Today, acquisition activity in the retirement services industry is heating up as banks and nonbank competitors move to transform themselves into full-service providers of 401(k) and defined benefit plans to employers.

But before moving forward with these strategies, providers should stop to consider what "full service" should mean within their businesses. And once full service is defined, organizations must be innovative in their efforts to create it through acquisitions.

In an area like retirement services, in which competition has exploded in recent years, consolidation was inevitable. Buyers today are faced with a confusing array of choices when it comes to retirement services and providers.

Banks, discount brokerage houses, mutual fund companies, money managers, insurance companies, and a host of other nonbank competitors are all offering something from the retirement services menu.

Survivors in the retirement services industry will be those that offer buyers in their distinct markets the specific menu of products and services they desire - no more, no less.

In some markets, the menu may be small. Other markets may demand a larger array of choices.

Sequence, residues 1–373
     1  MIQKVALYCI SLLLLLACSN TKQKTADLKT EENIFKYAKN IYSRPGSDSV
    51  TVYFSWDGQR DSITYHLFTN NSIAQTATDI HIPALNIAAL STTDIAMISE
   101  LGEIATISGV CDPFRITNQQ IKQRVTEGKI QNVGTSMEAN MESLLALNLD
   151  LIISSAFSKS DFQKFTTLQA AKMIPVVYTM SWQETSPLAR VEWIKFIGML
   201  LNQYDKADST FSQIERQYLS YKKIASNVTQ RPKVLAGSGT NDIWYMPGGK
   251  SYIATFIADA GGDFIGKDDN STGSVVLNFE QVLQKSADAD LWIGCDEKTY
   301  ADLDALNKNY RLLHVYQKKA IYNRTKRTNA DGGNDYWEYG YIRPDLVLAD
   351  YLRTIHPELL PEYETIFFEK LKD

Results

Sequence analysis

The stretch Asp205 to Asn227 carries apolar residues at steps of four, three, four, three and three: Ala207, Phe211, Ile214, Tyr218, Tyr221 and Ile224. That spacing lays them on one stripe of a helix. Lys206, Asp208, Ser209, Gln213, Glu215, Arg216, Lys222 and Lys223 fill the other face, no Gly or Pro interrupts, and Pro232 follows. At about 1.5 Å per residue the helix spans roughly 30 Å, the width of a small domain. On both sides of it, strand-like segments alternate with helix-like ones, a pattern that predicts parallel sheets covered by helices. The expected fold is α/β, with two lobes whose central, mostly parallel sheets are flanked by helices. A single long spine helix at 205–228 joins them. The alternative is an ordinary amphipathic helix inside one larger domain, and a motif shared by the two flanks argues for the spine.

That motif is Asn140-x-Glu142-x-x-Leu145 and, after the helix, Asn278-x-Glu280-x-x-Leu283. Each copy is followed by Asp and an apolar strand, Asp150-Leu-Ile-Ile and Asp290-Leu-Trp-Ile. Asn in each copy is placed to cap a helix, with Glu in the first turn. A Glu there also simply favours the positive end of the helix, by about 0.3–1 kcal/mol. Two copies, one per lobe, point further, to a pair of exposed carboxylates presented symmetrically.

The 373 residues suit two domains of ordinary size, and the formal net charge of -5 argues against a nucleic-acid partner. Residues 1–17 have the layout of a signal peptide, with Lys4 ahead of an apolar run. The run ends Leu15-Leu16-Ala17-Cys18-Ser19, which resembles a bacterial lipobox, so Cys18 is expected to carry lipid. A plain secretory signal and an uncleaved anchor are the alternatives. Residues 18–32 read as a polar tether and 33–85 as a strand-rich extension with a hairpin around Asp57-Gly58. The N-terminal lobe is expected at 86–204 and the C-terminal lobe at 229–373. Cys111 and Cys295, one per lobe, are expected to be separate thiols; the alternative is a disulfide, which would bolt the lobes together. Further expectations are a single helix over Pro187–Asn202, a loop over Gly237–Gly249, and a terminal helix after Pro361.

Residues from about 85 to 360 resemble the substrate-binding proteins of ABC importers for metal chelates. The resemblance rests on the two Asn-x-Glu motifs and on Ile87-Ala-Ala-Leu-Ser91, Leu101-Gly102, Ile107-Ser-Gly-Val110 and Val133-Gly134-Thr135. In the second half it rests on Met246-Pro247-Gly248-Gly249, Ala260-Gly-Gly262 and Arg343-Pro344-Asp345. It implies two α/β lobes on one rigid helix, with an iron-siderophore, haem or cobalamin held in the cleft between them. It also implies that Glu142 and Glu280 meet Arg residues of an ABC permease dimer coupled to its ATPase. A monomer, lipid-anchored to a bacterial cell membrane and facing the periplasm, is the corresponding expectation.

Regardless of menu size, the important thing is that everything on it is served up in the same place: one-stop shopping and seamless service are still important.

Although retirement services providers are fully aware of the buzz and hum of acquisition activity going on around them today, many have been unable to decipher the complete list of areas in which acquisitions are actually taking place.

Current acquisition activity is primarily occurring in, among other areas, software and technology, benefit consulting, and investment/asset management.

Acquisitions of software providers with record-keeping capabilities are becoming more common in retirement services. Charles Schwab recently acquired Trustmark in a deal of this kind.

Often, technologies and skills are not the only things being purchased in these software company transactions. The acquisitions can include the provider's current client base as well. In such acquisitions, due diligence should focus on determining the long-term value of this "total package."

More and more banks are now beginning to exit the middle-mart and the high end of the retirement services business, paving the way for banks with a commitment to this business to swoop and acquire other properties.

A case in point is Bank of New York's acquisition of Bank of America's institutional custody business, along with its large retirement services clients.

Many providers like these have accurately assessed the small-business market as the focus of choice. After all, that's where the growth is occurring in the 401(k) market.

Because they bring attractive fee opportunities, today's higher-priced deals are acquisitions of investment/asset management organizations. These are typically acquisitions of money managers and mutual fund companies. Understandably, providers are very focused on acquisitions of this kind.